Atypical Parkinson’s Disease

Atypical Parkinson’s disease processes are typically not very responsive to dopaminergic medication therapy. Therefore, physical treatments offered by Carolina Brain Center are especially important in helping you achieve and maintain a better quality of life. For more information about the treatment of Parkinson’s disease at our office click here.

Progressive Supranuclear Palsy. PSP is one of the more common forms of atypical PD. PSP has a typically earlier onset (50 years of age) and progresses more rapidly than PD. Signs of PSP include imbalance resulting in falls, trunk rigidity, changes in the voice and in the ability to swallow, which results in choking, and diminished ability to move the eyes vertically (up and down). Dementia is an eventual outcome of this disease process. Some patients may have shrinking of a pontine area of the brainstem, which can be seen on an MRI of the brain. Dopaminergic medication treatment is often tried with little benefit.

Corticobasal Degeneration . CBD is the least common of the atypical causes of Parkinsonism. The initial symptoms of CBD include asymmetric bradykinesia, rigidity, limb dystonia and myoclonus (rapid jerking of a limb), postural instability, and disturbances of language. There is often marked and disabling apraxia of the affected limb, where it becomes difficult or impossible to perform coordinated movements of the affected limb even though there is no weakness or sensory loss. Sometimes this can be so severe that the movements of the affected limb cannot be controlled and is called ‘alien limb’ phenomenon. Dopaminergic medication treatment is often tried with no benefit.

Multiple System Atrophy. MSA is a larger term for several disorders in which one or more system in the body deteriorates. Included in the category of MSA are Shy-Drager syndrome (this term is rarely used anymore), Striatonigral degeneration (SND) and OlivoPontoCerebellar Atrophy (OPCA). There are two major subtypes, MSA- P (similar to SND), in which Parkinsonian signs predominate, and MSA-C, a cerebellar dysfunction type that resembles OPCP. Symptoms include bradykinesia, poor balance, abnormal autonomic function, rigidity, difficulty with coordination, or a combination of these features. Initially, it may be difficult to distinguish MSA from PD. However, if you have a more rapid progression, poor response to common PD medications, and development of other symptoms, this may indicate an MSA diagnosis.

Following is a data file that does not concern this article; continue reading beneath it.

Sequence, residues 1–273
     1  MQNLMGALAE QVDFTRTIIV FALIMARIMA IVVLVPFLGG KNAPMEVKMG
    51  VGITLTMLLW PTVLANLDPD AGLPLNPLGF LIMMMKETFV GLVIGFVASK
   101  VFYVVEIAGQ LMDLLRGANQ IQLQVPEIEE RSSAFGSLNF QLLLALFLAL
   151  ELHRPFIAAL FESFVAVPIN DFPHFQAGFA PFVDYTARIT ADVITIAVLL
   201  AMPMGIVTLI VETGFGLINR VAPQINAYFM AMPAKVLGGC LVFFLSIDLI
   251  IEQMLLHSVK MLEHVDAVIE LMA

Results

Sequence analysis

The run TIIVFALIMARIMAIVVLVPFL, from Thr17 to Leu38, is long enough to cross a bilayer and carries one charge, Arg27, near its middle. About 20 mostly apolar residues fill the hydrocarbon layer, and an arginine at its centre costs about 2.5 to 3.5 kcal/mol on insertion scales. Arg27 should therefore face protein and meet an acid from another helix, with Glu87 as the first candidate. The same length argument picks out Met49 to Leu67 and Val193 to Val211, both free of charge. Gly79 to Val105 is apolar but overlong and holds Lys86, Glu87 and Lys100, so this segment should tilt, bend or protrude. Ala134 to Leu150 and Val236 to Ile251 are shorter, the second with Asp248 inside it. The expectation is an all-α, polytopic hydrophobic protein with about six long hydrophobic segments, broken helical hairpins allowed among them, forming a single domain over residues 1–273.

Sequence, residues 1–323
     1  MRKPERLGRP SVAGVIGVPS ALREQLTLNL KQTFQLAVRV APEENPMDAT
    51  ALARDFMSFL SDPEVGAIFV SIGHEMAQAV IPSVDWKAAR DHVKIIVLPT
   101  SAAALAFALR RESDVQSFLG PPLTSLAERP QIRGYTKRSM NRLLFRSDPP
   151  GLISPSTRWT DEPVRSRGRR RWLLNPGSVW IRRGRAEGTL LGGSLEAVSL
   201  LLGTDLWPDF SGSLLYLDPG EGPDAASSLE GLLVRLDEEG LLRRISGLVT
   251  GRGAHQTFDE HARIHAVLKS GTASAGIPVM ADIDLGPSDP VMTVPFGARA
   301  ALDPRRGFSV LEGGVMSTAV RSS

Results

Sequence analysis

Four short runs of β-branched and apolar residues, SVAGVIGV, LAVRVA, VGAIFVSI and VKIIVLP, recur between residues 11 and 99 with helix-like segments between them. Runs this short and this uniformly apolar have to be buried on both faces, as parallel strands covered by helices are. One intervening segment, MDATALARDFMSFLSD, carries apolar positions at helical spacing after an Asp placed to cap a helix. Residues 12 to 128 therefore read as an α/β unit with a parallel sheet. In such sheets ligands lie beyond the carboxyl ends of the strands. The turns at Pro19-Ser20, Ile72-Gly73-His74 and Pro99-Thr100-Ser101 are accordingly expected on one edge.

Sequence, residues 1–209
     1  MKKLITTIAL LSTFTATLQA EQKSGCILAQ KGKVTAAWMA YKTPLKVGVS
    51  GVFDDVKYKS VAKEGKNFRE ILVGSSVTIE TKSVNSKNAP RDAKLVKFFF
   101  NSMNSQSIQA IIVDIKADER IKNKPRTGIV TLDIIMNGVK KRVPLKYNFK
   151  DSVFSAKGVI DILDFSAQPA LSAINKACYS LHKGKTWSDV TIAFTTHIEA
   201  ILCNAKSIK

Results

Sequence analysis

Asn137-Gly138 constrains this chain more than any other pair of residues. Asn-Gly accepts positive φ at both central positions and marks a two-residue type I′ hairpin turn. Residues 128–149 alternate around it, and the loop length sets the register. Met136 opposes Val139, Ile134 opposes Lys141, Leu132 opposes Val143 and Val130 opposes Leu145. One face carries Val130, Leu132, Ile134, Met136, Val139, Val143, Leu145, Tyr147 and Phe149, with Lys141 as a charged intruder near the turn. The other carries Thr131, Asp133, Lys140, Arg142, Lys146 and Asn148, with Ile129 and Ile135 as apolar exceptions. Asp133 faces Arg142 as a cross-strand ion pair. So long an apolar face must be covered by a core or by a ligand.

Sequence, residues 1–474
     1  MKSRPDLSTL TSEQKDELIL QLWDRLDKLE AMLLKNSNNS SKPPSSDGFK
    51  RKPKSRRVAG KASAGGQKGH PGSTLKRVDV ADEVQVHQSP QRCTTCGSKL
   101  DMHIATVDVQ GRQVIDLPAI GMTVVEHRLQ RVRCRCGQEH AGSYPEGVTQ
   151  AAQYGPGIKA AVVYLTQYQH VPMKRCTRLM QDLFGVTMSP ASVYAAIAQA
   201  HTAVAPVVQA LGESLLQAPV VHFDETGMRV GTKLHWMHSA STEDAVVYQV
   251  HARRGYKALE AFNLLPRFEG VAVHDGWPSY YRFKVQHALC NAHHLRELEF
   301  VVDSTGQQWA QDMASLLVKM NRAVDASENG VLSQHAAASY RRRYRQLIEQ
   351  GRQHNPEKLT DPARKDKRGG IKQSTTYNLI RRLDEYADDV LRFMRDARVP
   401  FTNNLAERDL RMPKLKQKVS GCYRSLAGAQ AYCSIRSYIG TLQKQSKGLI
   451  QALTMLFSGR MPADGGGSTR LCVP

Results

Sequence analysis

Multiple small strokes can cause Vascular Parkinsonism. Gait disturbances are more common than tremor, and symptoms are worse in the lower extremity. Symptoms are likely to be asymmetric. They are usually abrupt in onset and then become static or slow to progress. Dopaminergic medication treatment is not likely to improve motility.

Dementia with Lewy bodies. DLB is a neurodegenerative disorder that results in progressive intellectual and functional deterioration. Patients with DLB usually have early dementia, prominent visual hallucinations, fluctuations in cognitive status over the day, and Parkinsonism. It is not uncommon for patients to present with cognitive problems, particularly language problems known as aphasia. Other cognitive changes in patients with DLB include deficits in attention and executive function and the ability to produce, recognize, draw, or match figures. Dopaminergic medication treatment does not help.